In order to establish an effective defense strategy when a person is accused of unauthorized access, we need to define what makes such access unauthorized. One cornerstone of the CFAA prosecution is the fact that the defendant did not have access to the protected computer, and attacking such presumption can very well be a powerful course of action for a legal defender.
The most common example of such defense is when an employee was fully authorized to access the computer but performed actions unrelated to work. While some courts will conclude that changing the intention in itself makes an accused lose authorization. But in other jurisdictions, any change of intention does not affect the legal status of “authorization”. This law can be interpreted differently, depending on your state.
Prosecution of Employees
Our computer crimes defense lawyers represented a number of employees and former employees accused by their employers of misusing work computers for profit or revenge. In jurisdictions that have a broad interpretation of the meaning of “unauthorized” use, many types of regular business activities may be potentially criminal. If you are an employee accused of unauthorized use of a work computer, you need a cyber crime defense attorney who understands the CFAA related case law.
Penalties for CFAA Violations
If you are convicted under the CFAA, you face stiff criminal penalties, including prison time, restitution payments, money forfeiture, and being unable to use the Internet while on supervised release. As in all other federal cases, sentencing for cyber offenses is a complex issue and depends on numerous factors that the court will consider.
New York has computer crimes criminal statutes similar to the CFAA. Such criminal activities vary from misdemeanors, in which case the penalties range from fines and up to one year of imprisonment to felonies, with penalties that may reach from 3 to 15 years of jail time.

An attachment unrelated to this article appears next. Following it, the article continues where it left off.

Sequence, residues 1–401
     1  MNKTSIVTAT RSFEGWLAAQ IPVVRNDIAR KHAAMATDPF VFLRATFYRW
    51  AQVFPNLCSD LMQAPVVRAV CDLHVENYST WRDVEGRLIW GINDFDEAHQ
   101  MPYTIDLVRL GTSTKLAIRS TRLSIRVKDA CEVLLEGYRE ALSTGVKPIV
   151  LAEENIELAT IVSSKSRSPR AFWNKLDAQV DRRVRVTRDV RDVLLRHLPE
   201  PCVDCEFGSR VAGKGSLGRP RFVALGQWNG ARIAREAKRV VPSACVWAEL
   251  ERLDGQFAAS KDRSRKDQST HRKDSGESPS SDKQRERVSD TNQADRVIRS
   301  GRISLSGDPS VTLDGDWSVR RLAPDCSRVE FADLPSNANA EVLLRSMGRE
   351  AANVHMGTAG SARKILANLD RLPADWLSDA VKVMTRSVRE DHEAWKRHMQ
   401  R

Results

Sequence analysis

Can You Be Deported For Cyber Crimes?
The CFAA conviction may have collateral consequences for non-citizens. This means that if you are convicted of a crime under the CFAA and you are not a US citizen, you may be deported.
Hiring a Cyber Crime Defense Attorney
If you are charged with a cyber offense, you need the help of an experienced Internet crimes defense lawyer. You need a legal team of lawyers and digital forensic experts to navigate the complex maze of laws and evidence. You need professionals who will analyze this maze and find the way out. At Norman Spencer Law Group PC you will find such professionals. We work with the nation’s leading digital forensic experts, and we have years of experience handling even the most complicated matters. Call us today to discuss your case.
Here are some of our representative cases in the area of cyber offenses:
Our lawyers defended a software developer investigated for stealing proprietary software code from the Federal Reserve Bank of New York.
We successfully represented a co-conspirator in an Internet-based scheme that involved the filing of fraudulent tax returns for more than $3 million.
We defended an individual accused of accessing an employer’s computer system and stealing sensitive information.
We represented an NYC employee charged with accessing the government database without access and without the employer’s authorization.
We represented an individual accused of making interstate-threatening phone calls by using an email account.